Rejecting Candidates With Empathy

Rejecting Candidates With Empathy

After a successful round of hiring, you’ve hopefully found an excellent candidate to two to join your ranks. But what do you do about the applicants who didn’t make the cut? Candidate experience has become a somewhat elusive concept in our new remote hiring world but one way to protect it is to consider how you’re communicating with candidates. These days everyone acknowledges that candidates need to be kept in the loop throughout the hiring process. Once a decision has been made, however, that communication often stops. Sometimes candidates never hear back from the companies they’ve just interviewed with and, to no one’s surprise, that has a negative impact on both the candidate experience a company is providing and its employer brand. So instead of ignoring unsuccessful candidates, how can you reject them with empathy and understanding instead?

Why does candidate experience matter?

A common question that is currently making the rounds is whether or not candidate experience even matters from a distance. In the before times, you probably put some effort into how you’d interact with a candidate. Maybe you’d give them an office tour or introduce them to potential team members while they were interviewing. It’s hard to mimic actions like that in a remote world. Candidate experience, however, has a large impact on how a candidate views your company which in turn can impact early turnover rates, onboarding effectiveness, and employee engagement. In fact, some companies argue that candidate experience is deeply entwined with the employee experience and to build a strong workforce you need to treat candidates as carefully as you do employees.

All of this boils down to mean that even in a remote world candidate experience matters, and a large part of it is how and when we treat job seekers. With unemployment rates still high, you likely have a large talent pool to choose from at the moment and possibly a large rejection pool. Finding ways to communicate with those candidates is important, especially now when people are searching for work in a pandemic. Tension and stress are high, and resiliency may be running low after nearly a year of the pandemic. So be kind in how you deal with candidates and embrace your inner empath.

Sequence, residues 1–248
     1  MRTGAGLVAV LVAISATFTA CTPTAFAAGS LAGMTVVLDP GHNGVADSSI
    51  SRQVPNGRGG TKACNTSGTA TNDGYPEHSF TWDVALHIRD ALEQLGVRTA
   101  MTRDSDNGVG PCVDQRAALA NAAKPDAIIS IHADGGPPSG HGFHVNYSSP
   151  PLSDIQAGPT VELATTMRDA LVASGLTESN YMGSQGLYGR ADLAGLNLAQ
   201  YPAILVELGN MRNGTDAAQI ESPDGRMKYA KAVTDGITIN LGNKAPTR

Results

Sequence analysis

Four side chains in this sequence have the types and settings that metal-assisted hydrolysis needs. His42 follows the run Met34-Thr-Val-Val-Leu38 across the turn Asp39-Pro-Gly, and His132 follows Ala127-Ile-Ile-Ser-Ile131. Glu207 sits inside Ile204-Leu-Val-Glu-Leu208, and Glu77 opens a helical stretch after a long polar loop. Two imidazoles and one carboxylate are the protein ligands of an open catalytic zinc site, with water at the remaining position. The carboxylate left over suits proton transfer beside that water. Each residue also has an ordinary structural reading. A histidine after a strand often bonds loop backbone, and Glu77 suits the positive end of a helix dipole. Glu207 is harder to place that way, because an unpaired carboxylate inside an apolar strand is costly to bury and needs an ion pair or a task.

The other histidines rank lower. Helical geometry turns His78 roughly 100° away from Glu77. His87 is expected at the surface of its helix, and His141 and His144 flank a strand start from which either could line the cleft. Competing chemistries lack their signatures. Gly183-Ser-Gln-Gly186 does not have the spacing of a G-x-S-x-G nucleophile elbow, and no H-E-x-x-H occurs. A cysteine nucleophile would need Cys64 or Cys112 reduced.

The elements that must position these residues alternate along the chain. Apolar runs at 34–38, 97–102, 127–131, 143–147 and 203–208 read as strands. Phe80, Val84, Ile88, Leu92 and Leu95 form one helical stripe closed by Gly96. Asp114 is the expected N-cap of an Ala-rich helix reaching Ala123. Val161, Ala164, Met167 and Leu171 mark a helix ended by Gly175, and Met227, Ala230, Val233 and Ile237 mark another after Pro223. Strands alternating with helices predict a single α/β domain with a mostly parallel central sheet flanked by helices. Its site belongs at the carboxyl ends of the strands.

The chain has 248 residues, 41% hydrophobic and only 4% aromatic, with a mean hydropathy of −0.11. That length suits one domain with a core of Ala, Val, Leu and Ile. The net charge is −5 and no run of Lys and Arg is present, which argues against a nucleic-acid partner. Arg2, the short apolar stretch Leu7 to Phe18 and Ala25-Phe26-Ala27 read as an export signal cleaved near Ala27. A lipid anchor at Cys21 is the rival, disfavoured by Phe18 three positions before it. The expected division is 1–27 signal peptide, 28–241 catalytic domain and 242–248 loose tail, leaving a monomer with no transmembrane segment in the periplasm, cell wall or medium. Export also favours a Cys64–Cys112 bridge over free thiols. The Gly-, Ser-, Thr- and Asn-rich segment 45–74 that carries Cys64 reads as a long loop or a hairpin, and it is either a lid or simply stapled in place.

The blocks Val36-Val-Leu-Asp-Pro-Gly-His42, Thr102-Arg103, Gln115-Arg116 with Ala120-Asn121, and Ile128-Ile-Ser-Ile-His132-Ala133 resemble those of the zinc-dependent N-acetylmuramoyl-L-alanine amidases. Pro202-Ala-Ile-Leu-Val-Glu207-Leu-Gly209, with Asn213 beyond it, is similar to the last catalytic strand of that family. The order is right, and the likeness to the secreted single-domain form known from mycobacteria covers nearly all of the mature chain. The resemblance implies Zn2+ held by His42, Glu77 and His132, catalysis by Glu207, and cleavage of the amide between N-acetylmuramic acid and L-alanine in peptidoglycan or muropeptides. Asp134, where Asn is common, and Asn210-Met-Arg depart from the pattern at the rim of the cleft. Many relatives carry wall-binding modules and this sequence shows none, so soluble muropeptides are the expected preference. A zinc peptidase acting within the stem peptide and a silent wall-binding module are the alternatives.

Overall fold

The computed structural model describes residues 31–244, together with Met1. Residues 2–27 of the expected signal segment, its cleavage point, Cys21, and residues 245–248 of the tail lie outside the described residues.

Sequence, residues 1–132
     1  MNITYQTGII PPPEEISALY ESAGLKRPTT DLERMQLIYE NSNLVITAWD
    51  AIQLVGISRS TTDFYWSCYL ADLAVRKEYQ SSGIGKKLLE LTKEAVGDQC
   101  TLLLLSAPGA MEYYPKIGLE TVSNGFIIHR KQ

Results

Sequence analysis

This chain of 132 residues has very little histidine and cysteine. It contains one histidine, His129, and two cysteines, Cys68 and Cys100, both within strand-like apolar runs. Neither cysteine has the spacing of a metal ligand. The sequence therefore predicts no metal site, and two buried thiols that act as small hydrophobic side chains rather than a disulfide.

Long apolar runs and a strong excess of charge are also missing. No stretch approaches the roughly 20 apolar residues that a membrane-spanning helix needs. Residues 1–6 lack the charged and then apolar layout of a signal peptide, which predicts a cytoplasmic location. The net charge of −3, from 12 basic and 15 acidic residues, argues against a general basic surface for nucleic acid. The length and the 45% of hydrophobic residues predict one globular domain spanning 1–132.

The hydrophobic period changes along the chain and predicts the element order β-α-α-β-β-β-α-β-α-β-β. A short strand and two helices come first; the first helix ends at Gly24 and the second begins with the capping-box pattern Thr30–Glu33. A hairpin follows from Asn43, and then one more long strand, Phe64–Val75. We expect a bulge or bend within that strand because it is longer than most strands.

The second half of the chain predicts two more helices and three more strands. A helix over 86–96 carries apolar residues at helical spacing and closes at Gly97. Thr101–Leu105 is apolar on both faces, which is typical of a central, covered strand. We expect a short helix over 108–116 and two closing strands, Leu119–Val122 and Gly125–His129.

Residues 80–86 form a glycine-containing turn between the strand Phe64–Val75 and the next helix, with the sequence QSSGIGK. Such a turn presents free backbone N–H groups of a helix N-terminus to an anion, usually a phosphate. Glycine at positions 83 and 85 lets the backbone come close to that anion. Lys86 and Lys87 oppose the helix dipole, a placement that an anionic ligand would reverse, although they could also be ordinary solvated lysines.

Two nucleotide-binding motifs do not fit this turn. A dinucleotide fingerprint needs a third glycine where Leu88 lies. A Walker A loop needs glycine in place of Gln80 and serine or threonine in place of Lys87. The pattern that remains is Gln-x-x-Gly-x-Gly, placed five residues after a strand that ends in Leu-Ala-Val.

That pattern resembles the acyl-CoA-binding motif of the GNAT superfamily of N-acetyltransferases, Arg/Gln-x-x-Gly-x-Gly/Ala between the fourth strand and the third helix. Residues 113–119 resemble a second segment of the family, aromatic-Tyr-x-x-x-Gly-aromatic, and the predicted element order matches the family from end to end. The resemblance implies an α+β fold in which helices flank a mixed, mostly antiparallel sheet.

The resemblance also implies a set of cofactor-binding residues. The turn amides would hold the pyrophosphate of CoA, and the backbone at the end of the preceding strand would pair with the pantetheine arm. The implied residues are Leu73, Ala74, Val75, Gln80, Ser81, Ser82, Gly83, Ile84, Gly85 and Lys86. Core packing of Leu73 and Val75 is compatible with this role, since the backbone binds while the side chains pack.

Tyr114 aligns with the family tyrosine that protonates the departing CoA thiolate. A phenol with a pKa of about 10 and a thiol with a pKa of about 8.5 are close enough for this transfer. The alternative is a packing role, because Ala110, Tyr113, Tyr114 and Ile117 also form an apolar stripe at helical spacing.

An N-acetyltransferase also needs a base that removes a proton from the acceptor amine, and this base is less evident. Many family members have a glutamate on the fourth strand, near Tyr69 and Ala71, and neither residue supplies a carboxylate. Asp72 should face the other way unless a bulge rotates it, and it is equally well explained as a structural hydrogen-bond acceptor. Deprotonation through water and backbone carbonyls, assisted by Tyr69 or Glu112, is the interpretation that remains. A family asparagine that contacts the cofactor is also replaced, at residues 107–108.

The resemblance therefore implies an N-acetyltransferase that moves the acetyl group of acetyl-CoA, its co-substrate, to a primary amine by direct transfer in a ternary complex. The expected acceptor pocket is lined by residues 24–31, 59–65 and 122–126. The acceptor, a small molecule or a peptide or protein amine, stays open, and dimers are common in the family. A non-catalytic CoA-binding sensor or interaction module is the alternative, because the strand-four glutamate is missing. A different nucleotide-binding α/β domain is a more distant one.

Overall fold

Read More: Learn how to provide great candidate experience remotely with these tips

How to reject candidates with kindness

Let’s explore a few things you can do to take your typical rejection speech and turn it into an empathetic goodbye.

Be aware of your timelines: Right now, people may be applying to multiple roles at once searching for work in a world with few jobs to be had. Don’t leave your candidates hanging after you make your decision. Respect their time and interest in your company and be prompt in how you deliver results. Candidates hate having to refresh their email 20 times a day excited for feedback after an interview only to never hear from the company again. It’s disrespectful and clearly shows how an organization values those who want to work for them. So keep an eye on your time and try to let every candidate know the outcome of your hiring campaign within two to three days. Bonus points to contacting candidates within the first 24 hours after you’ve made your decision.

Give feedback: Think about the last time you thought you had a great interview only to lose the role to someone else. Odds are you wondered where you went wrong and wished you knew what happened. It’s rare to provide feedback to a candidate after an interview but ask yourself why. The answer is probably because it’s easier for the recruiter not to. If you want to inject empathy into your rejection process, however, consider sending candidates pointers with your rejection email or call. These tips could include generic advice as to how to improve interview performance or specifics about the person’s performance. If you’ve used any sort of assessment during the hiring process, you could provide candidates with their results or with a paired down version, such as McQuaig’s Feedback Report, that provides an overview of a candidate’s insights without going into too much detail. This gives a candidate something concrete to consider and work on if they choose. And remember to make sure you’re giving constructive feedback to help educate candidates on what to do better next time. The aim is to help people improve for their next interview, not feel bad about this one.